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Human hunting habits

July 1, 2013

hunting

Human hunting habits

Researcher finds earliest evidence of human ancestors hunting and scavenging

A Baylor University research study has shed new light on the diet and food acquisition strategies of some the earliest human ancestors in Africa.

Beginning around 2 million years ago, many scientists believe that early stone tool-making humans, known scientifically as Oldowan hominin, started to exhibit a number of physiological and ecological adaptations that required greater daily energy expenditures, including an increase in brain and body size, heavier investment in their offspring and significant home-range expansion. Demonstrating how these early humans acquired the extra energy they needed to sustain these shifts has been the subject of much debate among researchers.

A recent study led by Dr. Joseph Ferraro, assistant professor of anthropology in Baylor's College of Arts & Sciences, offers new insight in this debate with a wealth of archaeological evidence from the 2 million-year-old site of Kanjera South (KJS), Kenya. The study's findings were published in PLOS One.

"Considered in total, this study provides important early archaeological evidence for meat eating, hunting and scavenging behaviors -- cornerstone adaptations that likely facilitated brain expansion in human evolution, movement of hominins out of Africa and into Eurasia, as well as important shifts in our social behavior, anatomy and physiology," Ferraro said.

Located on the shores of Lake Victoria, KJS contains "three large, well-preserved, stratified" layers of animal remains. The research team worked at the site for more than a decade, recovering thousands of animal bones and rudimentary stone tools.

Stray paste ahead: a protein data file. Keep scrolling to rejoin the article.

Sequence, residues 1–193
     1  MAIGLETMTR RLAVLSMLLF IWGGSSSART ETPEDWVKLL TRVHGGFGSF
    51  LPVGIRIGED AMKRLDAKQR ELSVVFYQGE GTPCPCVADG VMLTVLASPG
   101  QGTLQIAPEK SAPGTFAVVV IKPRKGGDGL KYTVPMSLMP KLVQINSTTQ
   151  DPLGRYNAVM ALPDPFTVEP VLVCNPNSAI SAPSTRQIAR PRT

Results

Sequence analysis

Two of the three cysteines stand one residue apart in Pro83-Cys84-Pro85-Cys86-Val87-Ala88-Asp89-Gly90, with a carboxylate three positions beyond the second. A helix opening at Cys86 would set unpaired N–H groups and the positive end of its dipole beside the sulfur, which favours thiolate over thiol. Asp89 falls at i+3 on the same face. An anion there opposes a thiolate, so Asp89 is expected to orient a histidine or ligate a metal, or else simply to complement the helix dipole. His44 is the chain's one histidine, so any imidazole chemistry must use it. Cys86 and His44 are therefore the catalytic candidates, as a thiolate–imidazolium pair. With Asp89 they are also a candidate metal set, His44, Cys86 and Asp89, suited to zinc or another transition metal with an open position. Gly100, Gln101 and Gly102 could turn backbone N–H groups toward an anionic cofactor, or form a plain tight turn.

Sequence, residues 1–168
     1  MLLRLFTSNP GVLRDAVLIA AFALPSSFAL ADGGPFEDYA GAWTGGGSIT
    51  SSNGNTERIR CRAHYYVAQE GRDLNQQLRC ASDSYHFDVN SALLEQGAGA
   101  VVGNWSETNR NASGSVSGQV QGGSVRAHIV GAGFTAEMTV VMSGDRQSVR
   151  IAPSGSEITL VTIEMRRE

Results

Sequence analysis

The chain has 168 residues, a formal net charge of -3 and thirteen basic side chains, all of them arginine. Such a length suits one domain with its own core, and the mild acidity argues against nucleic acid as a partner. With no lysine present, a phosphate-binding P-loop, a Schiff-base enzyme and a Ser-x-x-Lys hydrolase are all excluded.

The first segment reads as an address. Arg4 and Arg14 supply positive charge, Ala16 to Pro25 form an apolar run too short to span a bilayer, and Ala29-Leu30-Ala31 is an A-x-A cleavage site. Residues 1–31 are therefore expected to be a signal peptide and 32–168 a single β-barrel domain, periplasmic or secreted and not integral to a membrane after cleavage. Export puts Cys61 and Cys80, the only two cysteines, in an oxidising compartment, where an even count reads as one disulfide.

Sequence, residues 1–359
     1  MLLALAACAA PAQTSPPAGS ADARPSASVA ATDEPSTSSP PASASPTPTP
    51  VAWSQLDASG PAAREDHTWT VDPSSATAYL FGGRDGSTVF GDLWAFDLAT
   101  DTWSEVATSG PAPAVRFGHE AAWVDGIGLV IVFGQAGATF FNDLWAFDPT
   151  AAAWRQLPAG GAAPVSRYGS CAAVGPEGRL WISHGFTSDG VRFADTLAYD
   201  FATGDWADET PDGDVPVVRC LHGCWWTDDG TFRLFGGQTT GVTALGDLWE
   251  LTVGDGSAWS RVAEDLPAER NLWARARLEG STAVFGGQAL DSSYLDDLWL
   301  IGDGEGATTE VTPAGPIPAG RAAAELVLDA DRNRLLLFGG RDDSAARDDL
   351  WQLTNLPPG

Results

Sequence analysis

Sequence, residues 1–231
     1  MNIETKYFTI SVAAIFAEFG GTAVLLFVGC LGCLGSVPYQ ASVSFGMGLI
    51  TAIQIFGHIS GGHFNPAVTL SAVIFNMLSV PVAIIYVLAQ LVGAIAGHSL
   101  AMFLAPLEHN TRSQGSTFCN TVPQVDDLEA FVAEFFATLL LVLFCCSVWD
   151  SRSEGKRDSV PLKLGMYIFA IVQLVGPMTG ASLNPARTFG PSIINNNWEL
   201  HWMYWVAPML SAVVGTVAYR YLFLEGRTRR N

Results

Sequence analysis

According to researchers, hominins at KJS met their new energy requirements through an increased reliance on meat eating. Specifically, the archaeological record at KJS shows that hominins acquired an abundance of nutritious animal remains through a combination of both hunting and scavenging behaviors. The KJS site is the earliest known archaeological evidence of these behaviors.

"Our study helps inform the 'hunting vs. scavenging' debate in Paleolithic archaeology. The record at KJS shows that it isn't a case of either/or for Oldowan hominins 2 million years ago. Rather, hominins at KJS were clearly doing both," Ferraro said.

The fossil evidence for hominin hunting is particularly compelling. The record shows that Oldowan hominins acquired and butchered numerous small antelope carcasses. These animals are well represented at the site by most or all of their bones, from the tops of their head to the tips of their hooves, indicating to researchers that they were transported to the site as whole carcasses. Many of the bones also show evidence of cut marks made when hominins used simple stone tools to remove animal flesh.

In addition, modern studies in the Serengeti -- an environment similar to KJS 2 million years ago -- have also shown that predators completely devour antelopes of this size within minutes of their deaths. As a result, hominins could only have acquired these valuable remains on the savanna through active hunting.

Other contributing authors to the study include Baylor's John W. Seaman III, BS '06, MS '07, Dr. Katie M. Binetti, Dr. John W. Seaman Jr. and several scholars from other institutions. Funding was provided by the National Science Foundation, Leakey Foundation, Wenner-Gren Foundation, National Geographic Society, The Leverhulme Trust, University of California, Baylor University and the City University of New York.

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